That’s all that matters. They believe in me. They trust me.

Hunt is only concerned with the drive I carry. My protocols protest and push me to obey, but I can’t buckle under now, even if he is my master.

I have to be strong for my crew. I have to make this work somehow.

 

HUNT: You think you deserve special treatment, is that it?

STARRY: (folding her arms over her chest, shoring up her own confidence) No, the other ship with the star-warping drive that steps outside space and time – that’s the one that should have the special treatment. Sir.

HUNT: (to Captain Warwick) Is she always this smart-assed?

CAPT: (tautly) Sometimes, she’s worse. But she’s not wrong. If you want the Star Step drive to work, captain, you should listen to her.

HUNT: (eyebrows lifting) I should, should I?

CIRILLI: (stepping away from her position by the wall and coming around the Starwalker SecOffs standing in front of her) It’s the truth, captain. We haven’t even been able to assess the damage to the Step system caused by the tethering through FTL. It could take weeks to repair and recalibrate.

HUNT: So you’re helping me?

CAPT: It doesn’t benefit us to interfere with your operations, captain.

ELLIOTT: (muttering) Though it’d be kinda satisfyi–

CAPT: None of us have caused you any trouble.

HUNT: (pointing at Starry’s avatar) Except her.

ELLIOTT: (loud and angry) Hey, she did that to help you.

HUNT: (pinning the engineer with a sharp look) Refusing to be reconfigured helps me? And attacking one of my people?

ELLIOTT: (starts forward and is restrained by Rosie again) That bitch started it!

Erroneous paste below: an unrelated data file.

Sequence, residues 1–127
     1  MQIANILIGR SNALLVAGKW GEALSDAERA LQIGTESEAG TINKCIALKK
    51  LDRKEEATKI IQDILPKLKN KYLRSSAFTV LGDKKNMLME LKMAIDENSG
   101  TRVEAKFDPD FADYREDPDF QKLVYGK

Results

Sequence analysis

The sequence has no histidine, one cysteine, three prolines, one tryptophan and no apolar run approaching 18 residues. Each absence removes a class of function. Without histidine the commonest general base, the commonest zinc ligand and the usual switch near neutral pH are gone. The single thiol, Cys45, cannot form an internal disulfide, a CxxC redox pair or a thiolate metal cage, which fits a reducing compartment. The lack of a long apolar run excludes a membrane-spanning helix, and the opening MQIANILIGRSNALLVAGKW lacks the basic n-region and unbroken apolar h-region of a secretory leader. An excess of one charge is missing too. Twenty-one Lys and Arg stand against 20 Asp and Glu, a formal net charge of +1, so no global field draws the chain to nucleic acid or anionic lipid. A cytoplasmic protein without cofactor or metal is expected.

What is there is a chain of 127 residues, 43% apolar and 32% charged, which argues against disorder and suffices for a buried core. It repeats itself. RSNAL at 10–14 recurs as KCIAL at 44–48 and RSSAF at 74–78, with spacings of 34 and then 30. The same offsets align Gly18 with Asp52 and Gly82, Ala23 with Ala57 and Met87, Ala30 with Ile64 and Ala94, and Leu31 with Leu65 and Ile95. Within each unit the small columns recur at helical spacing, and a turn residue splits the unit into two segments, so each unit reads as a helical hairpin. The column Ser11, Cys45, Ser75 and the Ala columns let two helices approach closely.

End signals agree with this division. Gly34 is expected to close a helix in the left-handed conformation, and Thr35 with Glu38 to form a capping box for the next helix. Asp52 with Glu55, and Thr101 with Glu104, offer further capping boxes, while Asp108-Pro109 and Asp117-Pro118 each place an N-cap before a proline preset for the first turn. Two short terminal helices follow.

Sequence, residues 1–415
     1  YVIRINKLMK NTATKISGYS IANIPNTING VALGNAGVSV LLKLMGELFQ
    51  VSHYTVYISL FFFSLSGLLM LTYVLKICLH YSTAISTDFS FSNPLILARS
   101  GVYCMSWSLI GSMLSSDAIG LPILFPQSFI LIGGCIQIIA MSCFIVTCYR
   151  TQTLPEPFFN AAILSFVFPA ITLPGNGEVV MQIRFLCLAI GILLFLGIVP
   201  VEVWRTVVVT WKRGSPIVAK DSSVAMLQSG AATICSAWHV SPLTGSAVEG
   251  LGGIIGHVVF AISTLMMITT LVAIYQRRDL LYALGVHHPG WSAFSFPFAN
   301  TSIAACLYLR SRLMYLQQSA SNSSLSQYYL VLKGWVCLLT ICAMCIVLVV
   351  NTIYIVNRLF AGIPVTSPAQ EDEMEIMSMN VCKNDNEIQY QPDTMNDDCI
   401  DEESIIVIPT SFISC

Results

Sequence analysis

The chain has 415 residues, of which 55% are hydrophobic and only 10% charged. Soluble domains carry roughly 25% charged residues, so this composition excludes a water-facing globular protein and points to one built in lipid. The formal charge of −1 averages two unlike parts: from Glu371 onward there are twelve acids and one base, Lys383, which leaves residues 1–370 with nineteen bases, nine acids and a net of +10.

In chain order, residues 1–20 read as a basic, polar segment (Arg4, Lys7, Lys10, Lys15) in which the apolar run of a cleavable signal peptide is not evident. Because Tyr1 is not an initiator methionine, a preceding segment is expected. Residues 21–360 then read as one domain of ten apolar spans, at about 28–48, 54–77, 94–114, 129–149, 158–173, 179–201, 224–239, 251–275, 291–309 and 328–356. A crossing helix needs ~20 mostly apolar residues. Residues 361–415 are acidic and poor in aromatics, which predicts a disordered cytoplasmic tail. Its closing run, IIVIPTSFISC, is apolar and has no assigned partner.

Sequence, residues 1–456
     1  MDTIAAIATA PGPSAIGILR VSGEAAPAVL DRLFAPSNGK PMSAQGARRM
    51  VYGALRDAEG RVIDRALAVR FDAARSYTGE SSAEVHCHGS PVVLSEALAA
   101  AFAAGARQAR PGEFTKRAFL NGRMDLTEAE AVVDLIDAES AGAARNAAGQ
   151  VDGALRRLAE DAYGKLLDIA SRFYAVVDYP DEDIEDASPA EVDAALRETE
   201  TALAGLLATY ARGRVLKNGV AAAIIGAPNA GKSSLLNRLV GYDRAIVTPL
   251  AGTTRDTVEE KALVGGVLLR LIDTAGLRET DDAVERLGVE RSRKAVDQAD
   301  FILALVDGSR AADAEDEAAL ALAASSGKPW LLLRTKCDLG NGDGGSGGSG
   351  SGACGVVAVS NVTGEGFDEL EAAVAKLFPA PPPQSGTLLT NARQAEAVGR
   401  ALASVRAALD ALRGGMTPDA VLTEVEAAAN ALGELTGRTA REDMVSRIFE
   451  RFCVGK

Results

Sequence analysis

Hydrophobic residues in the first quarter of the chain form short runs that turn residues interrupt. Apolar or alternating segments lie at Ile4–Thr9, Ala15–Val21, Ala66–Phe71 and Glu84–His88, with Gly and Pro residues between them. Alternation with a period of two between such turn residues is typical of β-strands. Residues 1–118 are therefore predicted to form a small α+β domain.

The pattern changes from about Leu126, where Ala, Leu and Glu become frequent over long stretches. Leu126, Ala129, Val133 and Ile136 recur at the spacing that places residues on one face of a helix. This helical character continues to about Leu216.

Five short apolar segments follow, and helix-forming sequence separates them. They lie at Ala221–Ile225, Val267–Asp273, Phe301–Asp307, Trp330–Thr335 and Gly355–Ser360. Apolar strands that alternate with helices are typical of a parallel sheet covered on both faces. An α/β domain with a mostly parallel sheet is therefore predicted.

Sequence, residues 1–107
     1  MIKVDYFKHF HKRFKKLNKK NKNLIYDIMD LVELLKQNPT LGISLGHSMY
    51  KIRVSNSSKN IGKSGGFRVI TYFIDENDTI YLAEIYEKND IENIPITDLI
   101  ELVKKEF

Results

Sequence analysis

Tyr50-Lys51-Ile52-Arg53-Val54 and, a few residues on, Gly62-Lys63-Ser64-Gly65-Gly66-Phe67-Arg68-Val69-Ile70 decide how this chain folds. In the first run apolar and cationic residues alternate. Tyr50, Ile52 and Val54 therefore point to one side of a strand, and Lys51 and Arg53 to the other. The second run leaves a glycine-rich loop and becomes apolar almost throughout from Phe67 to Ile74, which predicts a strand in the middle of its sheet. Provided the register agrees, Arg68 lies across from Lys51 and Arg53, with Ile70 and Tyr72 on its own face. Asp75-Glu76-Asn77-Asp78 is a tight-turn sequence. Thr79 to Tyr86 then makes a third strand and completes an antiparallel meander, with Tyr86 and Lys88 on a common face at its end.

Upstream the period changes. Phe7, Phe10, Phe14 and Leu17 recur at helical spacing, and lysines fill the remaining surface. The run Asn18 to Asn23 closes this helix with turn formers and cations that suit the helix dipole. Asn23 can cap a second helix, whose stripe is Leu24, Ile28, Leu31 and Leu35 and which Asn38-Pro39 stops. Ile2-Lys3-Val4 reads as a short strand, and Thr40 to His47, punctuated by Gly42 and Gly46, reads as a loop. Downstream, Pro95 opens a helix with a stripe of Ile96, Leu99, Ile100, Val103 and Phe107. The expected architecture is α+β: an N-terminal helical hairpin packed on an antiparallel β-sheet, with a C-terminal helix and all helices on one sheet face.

STARRY: (trying to meet the engineer’s gaze) Elliott, it’s okay. Please.

ELLIOTT: (eyes Hunt, then closes his mouth and tugs at his collar uncomfortably.)

STARRY: (quickly, before Elliott can get himself in any more trouble) I’m not going to apologise for defending myself. You’re afraid someone will recognise me? You’re not going to change that by putting a fin on my forehead; anyone who’s looking for me will be looking for the parts you can’t hide.

HUNT: (switches his attention to the avatar and presses his lips together.)

 

What, no comeback? Is he listening, finally? Damn. I’d better come up with something fast. Get to work, crystalline neuron network: we have an opening here.

 

STARRY: Instead of trying to change me, why don’t you try the other tack?

HUNT: Explain.

STARRY: That scout is about the same size as me: the Mandible. Why don’t you stick some wings on it? Paint it gold, too.

HUNT: Make it look like you? (His eyes narrow.) That might work.

STARRY: (smiles grimly) There you go, then. You see what happens when you play nice? Not everything’s gotta be a fight, y’know.

HUNT: Play nice, hmm? I prefer subordinates who follow orders.

STARRY: I’ll… follow your orders.

HUNT: You’re asking me to trust you? You just downed one of my people. You don’t have a great track record.

STARRY: You murdered me, attacked my crew, tried to box me, tried to leash me, and are holding my crew to ransom. If either of us is going to have an issue with trust, it’s not you.

CAPT: Starry has only ever attacked in self-defense, Captain Hunt. She will cooperate.

HUNT: (regards Captain Warwick and Starry, and glances at the angry-faced Elliott) Not good enough. I need assurance that you’re going to behave. One or two of your crew should do it. (He gestures and one of his men steps towards the Starwalker SecOffs.)